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Frocking of Naval Personnel

An early use of "frock" (15th century) referred to the long habit characteristically worn by monks. Through the centuries, frock came to describe various loose garments of some length. The "frock coat," which was a long-skirted garment coming almost to the knees, became a popular fashion for men in the early 19th century and was quickly adopted for military uniforms. It is feasible that the frock coat was so called because the length was reminiscent of earlier clothing articles.

There is an alternative explanation for the term "frock coat." An ornamental closure, called a "frog," which consisted of a spindle-shaped button passing through a loop of material or braid, was typical on military uniforms at least as early as the mid-18th century. The expression could have evolved from frog coat to frock coat.

Our assumption is that the current usage of "frocking" is in some way related to the officer's frock coats. The verb form "to frock," relating originally to the monk's cloak, meant "to invest with priestly office or privilege." Perhaps this idea of establishing position by the donning of a particular garment is resurrected here. Another explanation for the link between the term and the practice is that the early undress uniform for a midshipman was a short coat whereas that for a lieutenant was a frock coat. When a midshipman was appointed to act in the capacity of a lieutenant, he wore the uniform of the latter. In this instance, it could be said he was "frocked."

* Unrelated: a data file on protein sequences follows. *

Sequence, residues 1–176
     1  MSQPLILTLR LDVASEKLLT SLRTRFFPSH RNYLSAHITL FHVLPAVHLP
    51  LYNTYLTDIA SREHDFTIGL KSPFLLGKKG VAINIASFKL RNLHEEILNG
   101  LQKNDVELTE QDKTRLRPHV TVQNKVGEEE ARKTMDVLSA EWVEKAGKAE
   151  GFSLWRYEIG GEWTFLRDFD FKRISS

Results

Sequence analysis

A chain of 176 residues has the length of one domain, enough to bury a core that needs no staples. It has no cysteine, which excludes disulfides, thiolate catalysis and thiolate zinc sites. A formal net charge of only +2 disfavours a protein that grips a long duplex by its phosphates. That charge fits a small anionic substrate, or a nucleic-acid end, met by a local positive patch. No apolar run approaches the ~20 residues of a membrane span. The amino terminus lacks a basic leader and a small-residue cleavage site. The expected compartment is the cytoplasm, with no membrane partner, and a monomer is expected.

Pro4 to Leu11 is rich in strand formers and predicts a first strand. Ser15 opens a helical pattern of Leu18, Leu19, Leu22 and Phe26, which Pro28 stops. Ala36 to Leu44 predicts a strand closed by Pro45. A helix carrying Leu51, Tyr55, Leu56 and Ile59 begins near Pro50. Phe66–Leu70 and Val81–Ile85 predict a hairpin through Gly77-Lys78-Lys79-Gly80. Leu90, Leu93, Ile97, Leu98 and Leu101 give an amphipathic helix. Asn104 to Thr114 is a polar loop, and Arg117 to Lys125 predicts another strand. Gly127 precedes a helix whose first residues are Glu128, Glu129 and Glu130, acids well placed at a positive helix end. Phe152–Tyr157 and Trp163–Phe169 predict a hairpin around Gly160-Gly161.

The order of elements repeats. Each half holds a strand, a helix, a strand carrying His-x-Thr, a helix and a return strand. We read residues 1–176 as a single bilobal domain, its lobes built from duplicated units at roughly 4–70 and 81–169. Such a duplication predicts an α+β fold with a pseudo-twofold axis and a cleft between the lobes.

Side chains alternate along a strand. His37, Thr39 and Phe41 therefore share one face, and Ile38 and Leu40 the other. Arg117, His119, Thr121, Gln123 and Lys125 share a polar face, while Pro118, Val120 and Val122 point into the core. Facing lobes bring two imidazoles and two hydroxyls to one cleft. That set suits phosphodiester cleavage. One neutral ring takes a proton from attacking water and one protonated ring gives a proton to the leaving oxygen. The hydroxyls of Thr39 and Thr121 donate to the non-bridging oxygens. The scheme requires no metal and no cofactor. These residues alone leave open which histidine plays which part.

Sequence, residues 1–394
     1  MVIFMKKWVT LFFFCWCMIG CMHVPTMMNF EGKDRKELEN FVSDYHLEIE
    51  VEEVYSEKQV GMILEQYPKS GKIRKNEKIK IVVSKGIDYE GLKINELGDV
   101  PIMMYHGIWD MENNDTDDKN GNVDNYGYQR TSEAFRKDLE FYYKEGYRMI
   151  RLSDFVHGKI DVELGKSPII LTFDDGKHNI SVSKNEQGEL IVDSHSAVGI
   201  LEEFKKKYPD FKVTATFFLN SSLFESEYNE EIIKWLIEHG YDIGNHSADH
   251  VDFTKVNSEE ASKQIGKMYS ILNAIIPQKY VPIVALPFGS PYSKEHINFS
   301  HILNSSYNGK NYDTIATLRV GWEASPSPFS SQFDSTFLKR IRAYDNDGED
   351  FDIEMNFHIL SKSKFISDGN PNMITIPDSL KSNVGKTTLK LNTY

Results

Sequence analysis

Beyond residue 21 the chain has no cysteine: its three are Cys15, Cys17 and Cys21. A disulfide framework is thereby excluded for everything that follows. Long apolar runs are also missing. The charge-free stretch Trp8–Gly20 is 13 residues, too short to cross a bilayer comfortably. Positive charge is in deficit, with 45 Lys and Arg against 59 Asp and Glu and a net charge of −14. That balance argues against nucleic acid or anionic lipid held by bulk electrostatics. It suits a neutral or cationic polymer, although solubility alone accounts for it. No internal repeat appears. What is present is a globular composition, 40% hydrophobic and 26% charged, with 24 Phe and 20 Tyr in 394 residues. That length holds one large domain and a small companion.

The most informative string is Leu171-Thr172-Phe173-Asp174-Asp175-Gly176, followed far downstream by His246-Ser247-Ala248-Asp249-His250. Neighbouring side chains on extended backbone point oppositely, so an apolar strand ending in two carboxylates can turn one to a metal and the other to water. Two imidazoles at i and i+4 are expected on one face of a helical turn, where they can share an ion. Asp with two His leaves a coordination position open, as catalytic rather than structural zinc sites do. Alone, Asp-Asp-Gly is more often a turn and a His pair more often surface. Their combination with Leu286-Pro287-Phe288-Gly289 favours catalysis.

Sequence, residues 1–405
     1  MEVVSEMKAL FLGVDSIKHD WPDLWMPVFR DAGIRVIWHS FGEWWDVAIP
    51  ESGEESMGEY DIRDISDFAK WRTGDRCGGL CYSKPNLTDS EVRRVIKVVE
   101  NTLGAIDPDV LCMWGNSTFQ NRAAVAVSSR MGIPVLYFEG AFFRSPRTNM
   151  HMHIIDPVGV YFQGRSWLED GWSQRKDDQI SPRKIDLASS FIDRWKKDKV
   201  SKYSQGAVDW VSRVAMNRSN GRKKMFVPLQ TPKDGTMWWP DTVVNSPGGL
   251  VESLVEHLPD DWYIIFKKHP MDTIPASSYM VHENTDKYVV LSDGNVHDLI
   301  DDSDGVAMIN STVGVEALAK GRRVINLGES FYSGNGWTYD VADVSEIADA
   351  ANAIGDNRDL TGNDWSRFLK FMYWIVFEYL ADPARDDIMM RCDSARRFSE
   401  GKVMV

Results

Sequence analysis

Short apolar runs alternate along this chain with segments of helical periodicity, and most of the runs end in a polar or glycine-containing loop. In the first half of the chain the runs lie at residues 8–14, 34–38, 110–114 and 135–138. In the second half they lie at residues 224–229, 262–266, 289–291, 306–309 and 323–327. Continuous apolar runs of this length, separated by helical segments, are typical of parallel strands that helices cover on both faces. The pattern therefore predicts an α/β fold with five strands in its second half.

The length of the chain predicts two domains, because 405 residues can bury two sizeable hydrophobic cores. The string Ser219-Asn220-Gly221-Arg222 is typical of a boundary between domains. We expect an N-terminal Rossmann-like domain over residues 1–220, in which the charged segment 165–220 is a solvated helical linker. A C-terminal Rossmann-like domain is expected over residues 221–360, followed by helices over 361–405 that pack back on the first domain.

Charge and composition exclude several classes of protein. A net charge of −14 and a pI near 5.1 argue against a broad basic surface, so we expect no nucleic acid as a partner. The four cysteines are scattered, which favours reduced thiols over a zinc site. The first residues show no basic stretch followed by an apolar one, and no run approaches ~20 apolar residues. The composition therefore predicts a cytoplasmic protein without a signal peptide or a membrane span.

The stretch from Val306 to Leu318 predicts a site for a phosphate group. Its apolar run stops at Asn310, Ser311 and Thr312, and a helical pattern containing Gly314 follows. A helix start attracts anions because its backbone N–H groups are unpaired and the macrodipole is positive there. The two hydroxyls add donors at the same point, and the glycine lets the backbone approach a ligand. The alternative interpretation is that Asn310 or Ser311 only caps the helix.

Regarding the practice of frocking itself, there are various instances in Navy Regulations at least as early as 1802 of personnel assuming the uniform of the next higher rank, not necessarily with higher pay, when appointed by proper authority to assume the duties and responsibilities of that rank prior to actual promotion. These appointments were sometimes temporary as when it was necessary rapidly to swell the ranks during war time, especially in the Civil War. Other instances concerned a commander's need to fill an unforeseen vacancy for which there was no one of equal rank. In this case, a junior who was qualified for promotion would assume the uniform and duties pending approval by the Navy Department.

The practice that we currently refer to as frocking has been in common usage in one form or another throughout the Navy's history. There does not seem to be a definite point however at which the practice was first established. The original use of the term "frocking" to describe the current policy is also unclear, but probably is of recent vintage as it does not appear in earlier documents (18th-19th century). The 1974 version is the earliest Bureau of Naval Personnel Manual to contain the policy itself and refer to it as "frocking."

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Published:Thu Aug 18 15:37:48 EDT 2016